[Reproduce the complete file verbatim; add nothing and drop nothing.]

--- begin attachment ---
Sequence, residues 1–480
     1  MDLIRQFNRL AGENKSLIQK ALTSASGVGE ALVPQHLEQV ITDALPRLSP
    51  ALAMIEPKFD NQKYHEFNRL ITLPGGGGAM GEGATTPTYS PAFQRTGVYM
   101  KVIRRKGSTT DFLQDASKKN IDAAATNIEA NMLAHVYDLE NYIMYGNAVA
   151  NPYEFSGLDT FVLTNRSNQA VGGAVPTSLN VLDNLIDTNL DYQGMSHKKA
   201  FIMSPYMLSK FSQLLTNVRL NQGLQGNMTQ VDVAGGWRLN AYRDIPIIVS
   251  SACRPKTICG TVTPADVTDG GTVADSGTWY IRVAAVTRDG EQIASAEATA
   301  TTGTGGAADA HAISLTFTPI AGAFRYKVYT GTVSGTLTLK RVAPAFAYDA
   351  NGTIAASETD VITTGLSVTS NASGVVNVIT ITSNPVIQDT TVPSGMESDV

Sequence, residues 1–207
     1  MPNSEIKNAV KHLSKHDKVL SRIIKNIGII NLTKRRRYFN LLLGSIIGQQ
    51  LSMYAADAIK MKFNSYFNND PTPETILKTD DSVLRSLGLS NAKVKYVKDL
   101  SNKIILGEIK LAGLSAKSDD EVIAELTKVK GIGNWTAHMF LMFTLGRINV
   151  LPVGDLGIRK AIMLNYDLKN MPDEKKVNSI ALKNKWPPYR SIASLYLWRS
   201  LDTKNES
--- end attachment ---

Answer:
Sequence, residues 1–480
     1  MDLIRQFNRL AGENKSLIQK ALTSASGVGE ALVPQHLEQV ITDALPRLSP
    51  ALAMIEPKFD NQKYHEFNRL ITLPGGGGAM GEGATTPTYS PAFQRTGVYM
   101  KVIRRKGSTT DFLQDASKKN IDAAATNIEA NMLAHVYDLE NYIMYGNAVA
   151  NPYEFSGLDT FVLTNRSNQA VGGAVPTSLN VLDNLIDTNL DYQGMSHKKA
   201  FIMSPYMLSK FSQLLTNVRL NQGLQGNMTQ VDVAGGWRLN AYRDIPIIVS
   251  SACRPKTICG TVTPADVTDG GTVADSGTWY IRVAAVTRDG EQIASAEATA
   301  TTGTGGAADA HAISLTFTPI AGAFRYKVYT GTVSGTLTLK RVAPAFAYDA
   351  NGTIAASETD VITTGLSVTS NASGVVNVIT ITSNPVIQDT TVPSGMESDV

Sequence, residues 1–207
     1  MPNSEIKNAV KHLSKHDKVL SRIIKNIGII NLTKRRRYFN LLLGSIIGQQ
    51  LSMYAADAIK MKFNSYFNND PTPETILKTD DSVLRSLGLS NAKVKYVKDL
   101  SNKIILGEIK LAGLSAKSDD EVIAELTKVK GIGNWTAHMF LMFTLGRINV
   151  LPVGDLGIRK AIMLNYDLKN MPDEKKVNSI ALKNKWPPYR SIASLYLWRS
   201  LDTKNES